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Assessment of Solar System Exploration Programs 1991 (Chapter 4) Assessment of Solar System Exploration Programs 1991 4 Exploration of Primitive Solar-System Bodies In its report Strategy for the Exploration of Primitive Solar-System Bodies—Asteroids, Comets, and Meteoroids: 1980-1990 (SSB, 1980), COMPLEX established the scientific goals and objectives and related program requirements. SCIENCE OBJECTIVES COMPLEX recommends that the primary goal of investigation of asteroids, comets, and dust, during approximately the next decade, be to REPORT MENU determine their composition and structure and to deduce their history in order to NOTICE increase our knowledge of the chemical and isotopic composition and physical MEMBERSHIP state of the primitive solar nebula and to further our understanding of the FOREWORD condensation, accretion, and evolutionary processes that occurred in various SUMMARY CHAPTER 1 parts of the solar system before and during planet formation. CHAPTER 2 CHAPTER 3 The 1980 report defined three additional goals: CHAPTER 4 CHAPTER 5 CHAPTER 6 A goal in the study of primitive bodies is to determine their diversity of CHAPTER 7 composition and structure. CHAPTER 8 CHAPTER 9 A goal for investigation of the minor bodies is to understand the role REFERENCES played by accretion of these bodies in the evolution of the crustal and atmospheric composition and the crustal structure of the terrestrial planets. A goal in the study of minor bodies is the understanding of the dynamical processes responsible for the production, maintenance, and behavior of the gas, dust, and plasma envelopes of active comets. file:///C|/SSB_old_web/ssep91ch4.htm (1 of 5) [6/18/2004 1:57:55 PM]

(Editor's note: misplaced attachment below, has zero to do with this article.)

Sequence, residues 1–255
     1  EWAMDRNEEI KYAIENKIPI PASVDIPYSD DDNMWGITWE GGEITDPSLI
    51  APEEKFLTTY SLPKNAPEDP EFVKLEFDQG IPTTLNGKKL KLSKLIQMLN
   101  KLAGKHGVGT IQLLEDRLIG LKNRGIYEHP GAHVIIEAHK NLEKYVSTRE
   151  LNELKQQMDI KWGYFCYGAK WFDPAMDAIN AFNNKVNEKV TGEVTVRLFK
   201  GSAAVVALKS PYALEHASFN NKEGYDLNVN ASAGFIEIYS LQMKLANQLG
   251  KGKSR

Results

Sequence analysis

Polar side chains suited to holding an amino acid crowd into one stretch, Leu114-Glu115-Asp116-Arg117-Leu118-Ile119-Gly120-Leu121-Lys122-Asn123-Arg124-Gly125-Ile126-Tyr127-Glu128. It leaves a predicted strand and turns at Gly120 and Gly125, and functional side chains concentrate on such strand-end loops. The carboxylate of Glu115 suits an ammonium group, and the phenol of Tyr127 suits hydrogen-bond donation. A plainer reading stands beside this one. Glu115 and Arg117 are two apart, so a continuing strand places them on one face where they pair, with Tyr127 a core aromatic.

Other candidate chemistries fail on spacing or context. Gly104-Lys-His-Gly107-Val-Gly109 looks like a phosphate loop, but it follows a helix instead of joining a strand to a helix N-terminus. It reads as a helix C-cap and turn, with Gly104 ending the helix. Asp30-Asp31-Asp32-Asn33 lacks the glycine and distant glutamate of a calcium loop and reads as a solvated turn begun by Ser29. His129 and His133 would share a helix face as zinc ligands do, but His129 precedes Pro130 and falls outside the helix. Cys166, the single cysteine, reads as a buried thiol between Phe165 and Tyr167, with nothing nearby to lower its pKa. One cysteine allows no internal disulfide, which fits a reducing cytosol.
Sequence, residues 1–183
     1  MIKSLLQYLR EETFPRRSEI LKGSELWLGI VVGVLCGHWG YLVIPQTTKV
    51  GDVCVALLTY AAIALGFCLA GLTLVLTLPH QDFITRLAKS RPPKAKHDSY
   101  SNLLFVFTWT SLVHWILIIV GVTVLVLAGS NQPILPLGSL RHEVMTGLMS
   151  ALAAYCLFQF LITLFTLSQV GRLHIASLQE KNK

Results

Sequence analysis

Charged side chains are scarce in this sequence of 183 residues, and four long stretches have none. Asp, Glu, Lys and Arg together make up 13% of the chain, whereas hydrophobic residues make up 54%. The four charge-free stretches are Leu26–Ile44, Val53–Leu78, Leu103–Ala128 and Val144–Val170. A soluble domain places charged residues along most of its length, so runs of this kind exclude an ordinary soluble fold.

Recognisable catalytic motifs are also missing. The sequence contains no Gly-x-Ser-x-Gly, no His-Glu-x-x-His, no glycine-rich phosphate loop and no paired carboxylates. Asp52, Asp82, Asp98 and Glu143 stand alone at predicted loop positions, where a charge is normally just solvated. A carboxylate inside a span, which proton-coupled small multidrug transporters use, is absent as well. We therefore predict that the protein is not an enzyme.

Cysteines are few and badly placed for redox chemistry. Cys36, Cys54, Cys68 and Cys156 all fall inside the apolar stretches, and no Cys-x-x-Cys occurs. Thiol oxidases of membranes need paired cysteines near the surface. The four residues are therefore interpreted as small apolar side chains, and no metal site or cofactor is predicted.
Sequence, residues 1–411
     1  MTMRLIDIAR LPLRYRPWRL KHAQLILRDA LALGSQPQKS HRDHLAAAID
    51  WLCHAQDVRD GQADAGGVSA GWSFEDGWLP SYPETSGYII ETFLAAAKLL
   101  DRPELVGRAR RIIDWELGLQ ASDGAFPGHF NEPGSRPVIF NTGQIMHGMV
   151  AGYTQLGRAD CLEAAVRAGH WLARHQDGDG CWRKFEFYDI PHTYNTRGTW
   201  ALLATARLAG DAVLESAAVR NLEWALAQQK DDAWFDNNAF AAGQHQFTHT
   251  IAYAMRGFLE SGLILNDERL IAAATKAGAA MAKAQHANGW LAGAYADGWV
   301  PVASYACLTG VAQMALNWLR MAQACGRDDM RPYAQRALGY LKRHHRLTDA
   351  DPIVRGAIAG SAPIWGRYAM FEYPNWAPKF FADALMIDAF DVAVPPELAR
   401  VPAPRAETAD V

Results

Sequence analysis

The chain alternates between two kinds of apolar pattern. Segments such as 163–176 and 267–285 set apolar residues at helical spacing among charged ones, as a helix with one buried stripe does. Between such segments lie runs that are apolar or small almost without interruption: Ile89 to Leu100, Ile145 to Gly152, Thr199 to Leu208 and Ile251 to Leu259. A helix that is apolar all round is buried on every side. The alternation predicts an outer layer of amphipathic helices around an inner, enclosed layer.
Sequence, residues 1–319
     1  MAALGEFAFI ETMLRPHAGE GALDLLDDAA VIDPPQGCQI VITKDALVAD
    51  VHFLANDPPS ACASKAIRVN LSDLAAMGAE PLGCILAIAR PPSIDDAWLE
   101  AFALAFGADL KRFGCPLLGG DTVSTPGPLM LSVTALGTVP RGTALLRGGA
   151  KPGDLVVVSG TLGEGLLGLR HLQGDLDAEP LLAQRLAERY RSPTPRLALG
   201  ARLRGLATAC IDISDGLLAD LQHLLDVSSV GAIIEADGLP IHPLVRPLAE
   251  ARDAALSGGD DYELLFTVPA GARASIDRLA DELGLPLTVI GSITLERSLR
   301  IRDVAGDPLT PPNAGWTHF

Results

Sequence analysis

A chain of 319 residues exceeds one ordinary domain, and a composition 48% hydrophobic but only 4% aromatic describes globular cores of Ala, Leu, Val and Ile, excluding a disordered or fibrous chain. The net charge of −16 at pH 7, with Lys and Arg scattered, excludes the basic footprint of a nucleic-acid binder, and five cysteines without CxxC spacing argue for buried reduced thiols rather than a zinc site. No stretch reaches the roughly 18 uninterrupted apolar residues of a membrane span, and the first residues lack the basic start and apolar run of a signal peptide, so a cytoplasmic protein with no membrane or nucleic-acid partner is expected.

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Assessment of Solar System Exploration Programs 1991 (Chapter 4) CURRENT STATUS OF NASA'S EXPLORATION OF PRIMITIVE BODIES This section addresses the progress made in achieving the scientific goals and objectives of exploring comets; asteroids, meteorites, and interplanetary dust, and notes areas that have significant deficiencies. Comets The primary objectives for the exploration of comets, in order of priority, are as follows: 1. To determine the composition and physical state of the nucleus (determination of the composition of both dust and gas is an important element of this objective); 2. To determine the processes that govern the composition and distribution of neutral and ionized species in the cometary atmosphere; and 3. To investigate the interaction between the solar wind and the cometary atmosphere. Progress in the study of comets has been substantial owing to (1) the retargeting of the International Sun-Earth Explorer (ISEE-3), to study the Giacobini-Zinner and Halley's comets; (2) augmented ground-based and Earth- orbit telescopic observations carried out during the apparition of Halley's comet; (3) European, Soviet, and Japanese spacecraft missions to Halley's comet; and (4) a new start given to the NASA Comet Rendezvous/Asteroid Flyby (CRAF) mission in FY 1990 to rendezvous with a short-period comet. According to current mission plans for CRAF, the specific measurement requirements are to study the composition and structure of a comet nucleus and to map the nucleus in terms of composition, structure, and temperature. These are expected to be met with data returned from the mission starting at the turn of the century. Similarly, data already received from Giotto and those to be obtained by CRAF will address the measurement requirements of cometary dust and molecular species in the coma. Solar wind interactions were studied in the 1980s by ISEE-3, Giotto, and Vega. The diversity of comets is being studied primarily from ground-based observations. In short, the committee finds that significant progress has been made toward achieving the goals established in the 1980 strategy and will continue to be made if the current plans for CRAF are realized and support of ground-based research is continued. The 1990 deselection of the CRAF penetrator experiment requires continuing attention to alternative means of directly sampling a comet nucleus. The completion of this goal may still require acquiring and returning a sample of a cometary nucleus in some future mission. file:///C|/SSB_old_web/ssep91ch4.htm (2 of 5) [6/18/2004 1:57:55 PM]